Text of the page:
Saw a recent facebook post that loveful is a word. Webster’s revised unabridged dictionary published 1913 and Dictionary.com show the word as meaning “Full of love”. The post mentioned how we’ve all heard of hateful. Did you know loveful was a word? This brought me to the topic of what most of us focus on.
Do not most of us focus on negativity? We all say it’s just “hateful” but we turn right around and talk about people, we bash ideologies that are not in alignment with ours, we complain of policies and institutions, we mention the inconveniences we’ve had throughout the day and recite all our ‘challenges’.
“We can complain because rose bushes have thorns, or rejoice because thorn bushes have roses.” – Abraham Lincoln.
How many of us spend our days looking for positive things to take note of, ways that our children were amazing, acknowledge our spouses contributions or complement the cashier who rang us up quickly. Twenty times at publix I get great service and never tell a soul. Never think to say “hey thanks for the great service”. One time I get the slow poke and become annoyed. It does not occur to me to strike up a conversation and see how their day is going. It’s all about me. After all I’m important and have things to do and they just took 5.66778 seconds out of my busy schedule.
Then there are those days I like to recite lists. You know what I mean, collect data about all the ways ‘they’ are wrong, or collect evidence of how my day was really hard with the list of facts that made it taxing. What I’ve also noticed is those are the days I’m not very happy. How interesting.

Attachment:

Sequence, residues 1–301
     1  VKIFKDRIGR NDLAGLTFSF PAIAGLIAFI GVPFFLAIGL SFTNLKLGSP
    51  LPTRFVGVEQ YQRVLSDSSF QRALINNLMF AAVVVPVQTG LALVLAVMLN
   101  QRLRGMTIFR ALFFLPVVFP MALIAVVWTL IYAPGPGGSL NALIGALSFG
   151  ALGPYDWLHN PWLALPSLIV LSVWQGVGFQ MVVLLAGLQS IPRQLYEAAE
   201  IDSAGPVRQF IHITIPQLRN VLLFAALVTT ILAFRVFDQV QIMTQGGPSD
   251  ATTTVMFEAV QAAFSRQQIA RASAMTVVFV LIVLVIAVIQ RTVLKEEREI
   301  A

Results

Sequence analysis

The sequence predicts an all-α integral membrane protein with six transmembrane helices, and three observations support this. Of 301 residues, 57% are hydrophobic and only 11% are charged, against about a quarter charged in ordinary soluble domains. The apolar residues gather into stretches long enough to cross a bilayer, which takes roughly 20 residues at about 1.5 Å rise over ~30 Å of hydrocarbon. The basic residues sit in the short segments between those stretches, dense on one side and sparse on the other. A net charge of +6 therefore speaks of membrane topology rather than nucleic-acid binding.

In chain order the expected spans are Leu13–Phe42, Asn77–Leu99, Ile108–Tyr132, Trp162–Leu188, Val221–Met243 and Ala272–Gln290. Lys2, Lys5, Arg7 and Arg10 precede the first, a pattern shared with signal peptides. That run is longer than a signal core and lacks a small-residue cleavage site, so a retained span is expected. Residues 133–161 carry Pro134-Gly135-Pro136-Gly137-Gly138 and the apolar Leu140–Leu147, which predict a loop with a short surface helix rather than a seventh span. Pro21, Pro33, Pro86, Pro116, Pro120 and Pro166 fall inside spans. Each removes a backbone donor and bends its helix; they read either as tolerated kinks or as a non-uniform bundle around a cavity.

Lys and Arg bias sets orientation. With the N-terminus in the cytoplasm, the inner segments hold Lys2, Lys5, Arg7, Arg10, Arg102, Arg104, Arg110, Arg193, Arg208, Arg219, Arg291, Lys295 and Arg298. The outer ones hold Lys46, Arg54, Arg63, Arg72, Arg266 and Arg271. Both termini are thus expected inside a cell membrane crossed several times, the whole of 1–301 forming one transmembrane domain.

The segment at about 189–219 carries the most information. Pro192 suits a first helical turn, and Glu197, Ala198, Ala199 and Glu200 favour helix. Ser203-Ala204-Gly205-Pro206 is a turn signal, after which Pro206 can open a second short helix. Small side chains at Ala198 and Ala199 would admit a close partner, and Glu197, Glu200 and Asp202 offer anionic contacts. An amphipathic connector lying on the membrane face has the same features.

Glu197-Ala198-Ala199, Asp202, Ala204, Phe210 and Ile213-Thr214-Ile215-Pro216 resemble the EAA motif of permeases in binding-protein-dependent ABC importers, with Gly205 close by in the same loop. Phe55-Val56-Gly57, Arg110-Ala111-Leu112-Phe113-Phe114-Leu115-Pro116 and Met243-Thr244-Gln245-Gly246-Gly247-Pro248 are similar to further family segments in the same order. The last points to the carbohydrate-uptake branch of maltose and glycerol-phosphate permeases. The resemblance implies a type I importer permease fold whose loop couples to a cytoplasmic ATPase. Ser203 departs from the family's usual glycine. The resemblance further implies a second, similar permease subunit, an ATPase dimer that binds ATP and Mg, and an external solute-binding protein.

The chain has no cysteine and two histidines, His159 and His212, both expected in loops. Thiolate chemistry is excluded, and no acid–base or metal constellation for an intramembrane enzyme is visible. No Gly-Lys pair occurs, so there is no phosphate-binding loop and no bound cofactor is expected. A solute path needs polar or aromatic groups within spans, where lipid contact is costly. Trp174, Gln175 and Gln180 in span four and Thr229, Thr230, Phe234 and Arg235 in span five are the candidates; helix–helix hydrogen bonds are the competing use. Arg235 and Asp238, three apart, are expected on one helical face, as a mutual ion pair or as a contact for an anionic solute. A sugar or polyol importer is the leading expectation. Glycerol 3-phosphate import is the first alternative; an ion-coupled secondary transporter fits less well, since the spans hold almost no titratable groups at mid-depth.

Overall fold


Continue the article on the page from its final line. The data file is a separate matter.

What’s even more interesting is I expect other people to be positive. I want them to thank me for a job well done and to show appreciation for my work. Yes my EGO is a hypocrite. My ego says I’m amazing and they should take note. And they should be amazing; if they are not, I will take note! My higher self has a different agenda as described in the words of Gordon B. Hinckley.
“What I am suggesting is that each of us turn from the negativism that permeates our society and look for the remarkable good among those with whom we associate, that we speak of one another’s virtues more than we speak of one another’s faults, that optimism replace pessimism, that our faith exceed our fears. When I was a young man and was prone to speak critically, my father would say: “Cynics do not contribute, skeptics do not create, doubters do not achieve.”
So I started with my kids. I really like them and it’s easy to be kind to people we like. I started to say positive things when they were playing well. How many times do I ignore them when they are playing well and then jump all over them when they ‘act up’? Many parenting books say you must ignore behavior you don’t like until you have taken the time to notice and compliment the behavior you do like at least 5 times.
Then I started to look for things to thank my husband for. This was a bit more challenging only because there were so many things I thought he should thank me for first! Putting the ego aside is the key here. If hubby is not the most ‘aware’ person you may agree to a game of “let’s say three nice things about each other every morning.” We enroll the children in this game and everyone goes around saying three nice things. That helps less aware spouses tune into the program. Then expand out form there. Our thoughts dictate our state of mind.
“A thought is a Cosmic Order waiting to happen.” – Stephen Richards